As always, we hope these strategies are helpful, and let us know what works for you!


Core Programs—Office of Graduate Student Affairs
UW Graduate School

Start Fall Quarter Off On the Right Foot!

To all graduate students across the tri-campus University of Washington community, we extend a warm welcome and welcome back! There is a definite buzz in the air, as everyone plans for grad school experiences, tasks and projects that lie ahead or are already in progress. And while we know that there will be demands on your time — including many opportunities to cultivate your interpersonal, academic and professional growth — we hope the following tips help you make the most of your grad school experiences in the coming weeks and months.

Acknowledge imposter syndrome (but don’t stop there). If you’re feeling that you’re somehow not smart enough or don’t have what it takes to succeed in graduate school, you are not alone. Many grad students experience what’s called imposter syndrome — feelings and self-talk that makes us doubt our sense of belonging, our strengths and talents, and our capabilities. And we can experience imposter syndrome in different ways, based on our various identities and backgrounds. But you know what? These doubts are simply not true. You are good enough, and you do belong here. Approach being in grad school like it’s a marathon, not a sprint, with goals and milestones that you can achieve one step at a time. Check out these tips for coping with imposter syndrome.

Connect with community. Being a grad student can feel isolating at times, especially when you have so many demands on your schedule. Yet this feeling of isolation doesn’t have to be the norm. Whether you are new to the UW or returning to your campus, seek out opportunities to build intellectual and professional relationships with peers both within and outside your department. You are also a whole person — not just a student — so we encourage you to allow space in your schedule to foster relationships with community beyond the UW based on your social and cultural identities, hobbies, faith or spirituality, and values.

One opportunity to connect with peers is at the Graduate Student Resource Fair on Seattle campus, scheduled for Thursday, October 18 (3–6 p.m.) in the HUB Lyceum and organized by the Graduate and Professional Student Senate (GPSS). Save the date and attend this event to learn about campus resources available to you and network with peers from across disciplines! If you’re staying for the reception, bring your ID and Husky ID. This event is open to all UW graduate and professional students.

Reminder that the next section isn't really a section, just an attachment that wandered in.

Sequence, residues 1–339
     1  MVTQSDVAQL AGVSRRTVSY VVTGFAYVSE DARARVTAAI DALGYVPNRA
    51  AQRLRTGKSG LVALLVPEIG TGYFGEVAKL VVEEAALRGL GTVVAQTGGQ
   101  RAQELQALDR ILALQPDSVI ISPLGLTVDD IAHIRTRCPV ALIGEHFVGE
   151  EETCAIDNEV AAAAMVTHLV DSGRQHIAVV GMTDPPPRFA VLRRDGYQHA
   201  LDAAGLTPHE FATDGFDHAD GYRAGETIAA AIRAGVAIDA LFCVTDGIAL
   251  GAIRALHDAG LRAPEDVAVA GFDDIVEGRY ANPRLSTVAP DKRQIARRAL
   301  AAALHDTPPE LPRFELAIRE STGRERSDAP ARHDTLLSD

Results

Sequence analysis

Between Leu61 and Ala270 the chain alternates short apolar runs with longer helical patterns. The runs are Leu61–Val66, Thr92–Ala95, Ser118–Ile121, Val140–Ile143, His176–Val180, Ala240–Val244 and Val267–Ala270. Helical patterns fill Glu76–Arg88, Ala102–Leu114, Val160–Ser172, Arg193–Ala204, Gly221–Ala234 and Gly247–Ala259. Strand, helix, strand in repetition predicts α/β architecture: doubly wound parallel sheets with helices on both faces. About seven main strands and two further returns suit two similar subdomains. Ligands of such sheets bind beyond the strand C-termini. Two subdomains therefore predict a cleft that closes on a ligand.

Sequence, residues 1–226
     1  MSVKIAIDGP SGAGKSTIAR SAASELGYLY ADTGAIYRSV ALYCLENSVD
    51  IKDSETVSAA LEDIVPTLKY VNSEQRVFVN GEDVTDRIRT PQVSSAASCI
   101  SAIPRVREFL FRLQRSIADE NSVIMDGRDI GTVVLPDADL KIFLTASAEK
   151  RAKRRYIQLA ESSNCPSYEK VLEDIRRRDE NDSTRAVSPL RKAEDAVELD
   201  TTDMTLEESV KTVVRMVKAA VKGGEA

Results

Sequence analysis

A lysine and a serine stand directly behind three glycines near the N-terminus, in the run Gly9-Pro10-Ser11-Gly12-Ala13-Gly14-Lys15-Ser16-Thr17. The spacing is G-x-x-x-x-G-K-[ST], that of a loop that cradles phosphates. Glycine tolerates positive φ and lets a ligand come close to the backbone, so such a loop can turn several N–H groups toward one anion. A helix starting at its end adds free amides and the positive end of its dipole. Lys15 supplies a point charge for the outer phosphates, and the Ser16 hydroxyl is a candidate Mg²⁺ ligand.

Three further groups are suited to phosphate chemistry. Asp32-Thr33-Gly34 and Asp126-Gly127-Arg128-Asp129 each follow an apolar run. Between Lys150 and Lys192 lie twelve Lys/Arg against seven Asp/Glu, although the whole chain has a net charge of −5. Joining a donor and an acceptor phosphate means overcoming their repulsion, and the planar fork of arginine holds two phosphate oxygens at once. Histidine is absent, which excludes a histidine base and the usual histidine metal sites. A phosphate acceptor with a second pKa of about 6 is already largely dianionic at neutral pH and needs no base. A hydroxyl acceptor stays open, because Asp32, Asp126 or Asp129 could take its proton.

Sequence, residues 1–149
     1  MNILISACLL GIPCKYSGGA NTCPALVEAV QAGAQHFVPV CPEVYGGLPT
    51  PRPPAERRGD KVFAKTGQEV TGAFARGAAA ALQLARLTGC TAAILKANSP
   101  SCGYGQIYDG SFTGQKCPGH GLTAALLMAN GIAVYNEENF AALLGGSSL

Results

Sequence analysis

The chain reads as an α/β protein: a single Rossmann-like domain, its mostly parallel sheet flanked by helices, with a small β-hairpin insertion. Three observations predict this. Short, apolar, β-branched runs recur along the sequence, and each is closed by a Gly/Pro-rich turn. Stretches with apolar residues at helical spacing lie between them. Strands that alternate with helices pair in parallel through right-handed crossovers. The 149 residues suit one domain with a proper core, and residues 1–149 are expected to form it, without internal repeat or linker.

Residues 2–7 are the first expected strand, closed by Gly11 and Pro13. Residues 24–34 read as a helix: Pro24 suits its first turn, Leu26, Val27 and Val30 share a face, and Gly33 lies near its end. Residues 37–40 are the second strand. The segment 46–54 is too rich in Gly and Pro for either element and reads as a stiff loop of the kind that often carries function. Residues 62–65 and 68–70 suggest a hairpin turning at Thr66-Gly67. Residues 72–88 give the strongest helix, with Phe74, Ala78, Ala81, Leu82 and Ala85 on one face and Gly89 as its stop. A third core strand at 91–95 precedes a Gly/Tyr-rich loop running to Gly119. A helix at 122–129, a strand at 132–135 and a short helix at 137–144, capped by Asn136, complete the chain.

Build a mentoring team. Invest the time to seek out and build your mentor team who can advise, guide and cheer you on as you work towards your academic, professional and interpersonal goals. We recommend that you build yourself a mentor team, because while no one mentor can support you on all levels, a team can. As this UW Graduate School resource page states, “While mentors can be faculty members, they can be your peers, advanced graduate students; departmental staff; retired faculty; faculty from other departments, colleges or universities; and professionals outside the university.” Having a mentoring team can make the difference between surviving or thriving in grad school. Check out these UW guides on finding the best mentors for you.

Best wishes on a great start to fall quarter!


Core Programs—Office of Graduate Student Affairs
The Graduate School

Finding Your People

At Core Programs, we often talk about the importance of finding your people—of making those intellectual, professional, and social connections that will nurture your whole self, not just your identity as a graduate student. Fall is a great time to remind yourself, whether you are just beginning your graduate school journey or you have been away working on your research or just straight up working, that developing a wider network of peer support is important to your overall well-being.

Here are some strategies to help get you started:

Connect with peers. Many of you have had the opportunity to make important connections with new and seasoned peers during your grad orientations and university-wide receptions. We also encourage you to make connections with peers outside of your program—who share similar and diverse identities, academic interests, and career goals. If you are in the research or writing phase of your work, reach out to peers at a similar stage and consider forming a writing accountability group or form a group for fun, social activities. Overall, connecting with peers within and outside of your department can help you sustain the motivation to continue your work and to feel like your whole self.